Movie Review: Rise of the Planet of the Apes

“Take your stinking paw off me, you damn dirty ape!” Far from the truth. The primate in question is neither damned nor dirty and is a chimpanzee. Named after the tragic Shakespearian character, Caesar is a genius chimp able to understand problems and formulate solutions like humans. Like Caesar, the people behind the summer surprise Rise of the Planet of the Apes understood the dilemma of creating prequels to classic movies and formulated the proper solutions to it. Solid script and spectacular sequences aside, this film triumphed because it has a beating heart. Equal portions are provided for the required science-fiction blabber and the relationships of the central characters. I am not a fan of the late Charlton Heston because 1) he is a Republican 2) he abhors gun control and 3) he is the pop culture Moses but this prequel had me thinking if his previous apes movie is on-line. The strong $54-M opening box-office gross and a high 86% Rotten Tomatoes rating should encourage the filmmakers to continue narrating the rise and rise of the planet of the apes.

Dr. Charles Rodman (James Franco) is on the threshold of designing a drug to cure Alzheimer’s, after his test subject Chimpanzee No. 9 deciphered the Lucas Tower in just 20 moves. Since the perfect score is 15 moves, her performance demonstrates increase brain functioning. In the middle of his reporting to potential financiers, Chimpanzee No. 9 escaped and thrashed the laboratories. She and the other lab subjects had to be killed. From death sprang life as Chimpanzee No. 9 birthed a male offspring.  Dr. Rodman then realized the unnoticed pregnancy resulted to her uncharacteristic agitation and not an undesirable side-effect of the drug. Against professional ethics, he applied ALZ112 to his father (John Lithgow), a retired music teacher suffering from Alzheimer’s. Surprisingly, the brain functioning of his father not only normalized but also increased in terms of capacities. ALZ112 makes people more intelligent; a fact Caesar further bolstered as his mental skills are nearing human abilities. But a chimp is still a chimp and a finger-biting episode had him placed in an animal containment building. Dr. Rodman promised Caesar to return him back home once the case is decided. Maltreated and left with other primates of lesser brain functioning, Caesar gradually lost his trust for humans and created a daring escape plan out of the cruel establishment.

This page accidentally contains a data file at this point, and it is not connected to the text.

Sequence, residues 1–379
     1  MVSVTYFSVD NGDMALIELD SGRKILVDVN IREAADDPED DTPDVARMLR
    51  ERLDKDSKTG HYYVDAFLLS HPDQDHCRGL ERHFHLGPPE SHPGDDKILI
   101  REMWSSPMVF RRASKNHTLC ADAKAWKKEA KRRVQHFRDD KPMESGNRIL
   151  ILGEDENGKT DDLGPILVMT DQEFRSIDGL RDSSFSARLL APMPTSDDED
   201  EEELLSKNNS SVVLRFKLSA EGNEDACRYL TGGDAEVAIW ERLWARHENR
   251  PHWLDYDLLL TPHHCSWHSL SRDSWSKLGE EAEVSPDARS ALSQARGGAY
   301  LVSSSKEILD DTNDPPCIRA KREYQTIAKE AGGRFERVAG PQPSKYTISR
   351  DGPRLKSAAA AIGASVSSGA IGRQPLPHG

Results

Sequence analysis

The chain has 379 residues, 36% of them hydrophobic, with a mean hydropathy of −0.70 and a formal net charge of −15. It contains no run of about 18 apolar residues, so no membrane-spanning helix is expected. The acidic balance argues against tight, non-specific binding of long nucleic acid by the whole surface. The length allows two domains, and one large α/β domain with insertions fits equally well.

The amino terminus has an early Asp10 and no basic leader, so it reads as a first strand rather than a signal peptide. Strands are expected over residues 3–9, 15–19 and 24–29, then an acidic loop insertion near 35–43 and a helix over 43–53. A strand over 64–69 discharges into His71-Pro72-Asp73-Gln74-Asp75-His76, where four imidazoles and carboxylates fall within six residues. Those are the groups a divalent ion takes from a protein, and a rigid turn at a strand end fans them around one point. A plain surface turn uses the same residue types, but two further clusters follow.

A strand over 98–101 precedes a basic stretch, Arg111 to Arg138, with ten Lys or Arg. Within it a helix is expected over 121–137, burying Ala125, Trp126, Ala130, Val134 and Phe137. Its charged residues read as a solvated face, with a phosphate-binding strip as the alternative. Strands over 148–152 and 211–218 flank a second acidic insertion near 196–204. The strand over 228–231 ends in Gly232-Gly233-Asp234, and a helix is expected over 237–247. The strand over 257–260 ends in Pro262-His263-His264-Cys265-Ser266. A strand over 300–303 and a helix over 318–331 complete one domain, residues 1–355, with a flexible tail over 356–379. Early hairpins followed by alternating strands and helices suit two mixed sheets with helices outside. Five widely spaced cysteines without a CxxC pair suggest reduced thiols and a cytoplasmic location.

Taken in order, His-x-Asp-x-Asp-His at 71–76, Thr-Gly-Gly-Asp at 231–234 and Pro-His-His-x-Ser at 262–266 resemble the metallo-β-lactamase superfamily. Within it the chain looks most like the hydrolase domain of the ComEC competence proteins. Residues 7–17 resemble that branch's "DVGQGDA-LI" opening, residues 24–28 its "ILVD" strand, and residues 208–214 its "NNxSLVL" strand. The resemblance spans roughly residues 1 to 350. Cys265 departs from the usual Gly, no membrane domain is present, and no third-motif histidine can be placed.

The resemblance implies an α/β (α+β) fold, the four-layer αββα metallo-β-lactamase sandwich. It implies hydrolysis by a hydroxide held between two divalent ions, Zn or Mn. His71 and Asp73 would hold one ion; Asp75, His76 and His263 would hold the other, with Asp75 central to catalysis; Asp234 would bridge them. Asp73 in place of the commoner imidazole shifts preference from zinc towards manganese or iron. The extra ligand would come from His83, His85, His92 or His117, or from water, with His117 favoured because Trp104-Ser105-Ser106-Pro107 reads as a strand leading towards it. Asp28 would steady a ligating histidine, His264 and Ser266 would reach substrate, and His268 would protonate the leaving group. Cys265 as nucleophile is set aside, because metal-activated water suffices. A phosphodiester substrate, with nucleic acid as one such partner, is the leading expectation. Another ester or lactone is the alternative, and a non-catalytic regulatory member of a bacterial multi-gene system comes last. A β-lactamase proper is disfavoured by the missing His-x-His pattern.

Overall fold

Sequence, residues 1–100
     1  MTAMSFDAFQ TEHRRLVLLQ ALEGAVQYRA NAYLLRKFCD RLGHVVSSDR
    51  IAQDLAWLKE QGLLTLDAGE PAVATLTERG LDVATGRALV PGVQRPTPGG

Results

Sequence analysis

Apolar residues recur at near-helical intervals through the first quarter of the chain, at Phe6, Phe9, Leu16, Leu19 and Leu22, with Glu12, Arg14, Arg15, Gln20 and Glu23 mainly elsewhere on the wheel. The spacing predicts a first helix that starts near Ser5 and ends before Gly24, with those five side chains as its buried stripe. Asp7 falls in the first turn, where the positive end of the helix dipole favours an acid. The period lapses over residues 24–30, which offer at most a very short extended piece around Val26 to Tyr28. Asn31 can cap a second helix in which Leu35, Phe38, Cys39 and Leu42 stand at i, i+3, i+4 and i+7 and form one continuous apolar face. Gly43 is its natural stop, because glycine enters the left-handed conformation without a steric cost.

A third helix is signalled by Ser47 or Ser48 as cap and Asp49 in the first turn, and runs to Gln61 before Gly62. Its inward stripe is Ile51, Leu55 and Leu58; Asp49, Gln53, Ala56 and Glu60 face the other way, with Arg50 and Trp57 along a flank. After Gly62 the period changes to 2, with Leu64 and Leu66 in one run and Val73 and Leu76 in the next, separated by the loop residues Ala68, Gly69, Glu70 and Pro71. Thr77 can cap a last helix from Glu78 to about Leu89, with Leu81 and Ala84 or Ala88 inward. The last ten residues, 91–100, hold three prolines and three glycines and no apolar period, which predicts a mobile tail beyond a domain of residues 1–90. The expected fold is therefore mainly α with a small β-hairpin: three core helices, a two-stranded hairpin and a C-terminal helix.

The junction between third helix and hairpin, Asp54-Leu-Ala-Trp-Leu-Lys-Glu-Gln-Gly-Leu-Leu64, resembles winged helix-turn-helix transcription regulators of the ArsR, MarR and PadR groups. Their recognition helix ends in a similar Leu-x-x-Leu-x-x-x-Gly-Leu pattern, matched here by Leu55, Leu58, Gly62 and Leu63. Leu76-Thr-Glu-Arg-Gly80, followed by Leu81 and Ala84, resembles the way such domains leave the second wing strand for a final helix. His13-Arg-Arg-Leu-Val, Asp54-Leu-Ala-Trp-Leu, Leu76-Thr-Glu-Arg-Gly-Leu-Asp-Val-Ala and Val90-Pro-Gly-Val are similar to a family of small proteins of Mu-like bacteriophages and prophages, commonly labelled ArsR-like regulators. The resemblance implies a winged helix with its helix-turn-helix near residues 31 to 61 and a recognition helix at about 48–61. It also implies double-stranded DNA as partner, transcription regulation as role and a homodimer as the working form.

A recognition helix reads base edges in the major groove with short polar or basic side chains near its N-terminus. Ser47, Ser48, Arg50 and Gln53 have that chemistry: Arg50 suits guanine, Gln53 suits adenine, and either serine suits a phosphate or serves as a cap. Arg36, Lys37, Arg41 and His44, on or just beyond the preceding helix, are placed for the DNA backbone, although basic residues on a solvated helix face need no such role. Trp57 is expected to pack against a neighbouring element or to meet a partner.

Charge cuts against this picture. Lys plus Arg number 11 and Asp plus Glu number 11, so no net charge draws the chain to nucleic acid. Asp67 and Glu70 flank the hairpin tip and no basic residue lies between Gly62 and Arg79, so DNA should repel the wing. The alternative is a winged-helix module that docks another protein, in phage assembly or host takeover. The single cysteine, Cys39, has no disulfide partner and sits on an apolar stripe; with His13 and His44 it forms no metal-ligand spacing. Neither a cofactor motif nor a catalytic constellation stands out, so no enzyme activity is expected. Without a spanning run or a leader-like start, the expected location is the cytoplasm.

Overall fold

I need to stop.

You need to see the movie because the next scenes are some of the most thrilling sequences this summer. Aerial shots of apes running amok in the streets of San Francisco are some of the most gripping and creepiest scenes filmed. That and a bunch ALZ112-induced primates standing upright for the first time in freaking unison. These simple touches add more satisfaction in this surprise of a film. (Simple touches such as Caesar amusing himself with a small plastic Statue of Liberty will put a smile on inveterate film fans.) Confession:  I cannot help the multiple use of “surprise” for this blog post because of the expectations I set for this prequel. George Lucas himself tanked in the prequel department so the proverbial bar has been set near to the ground.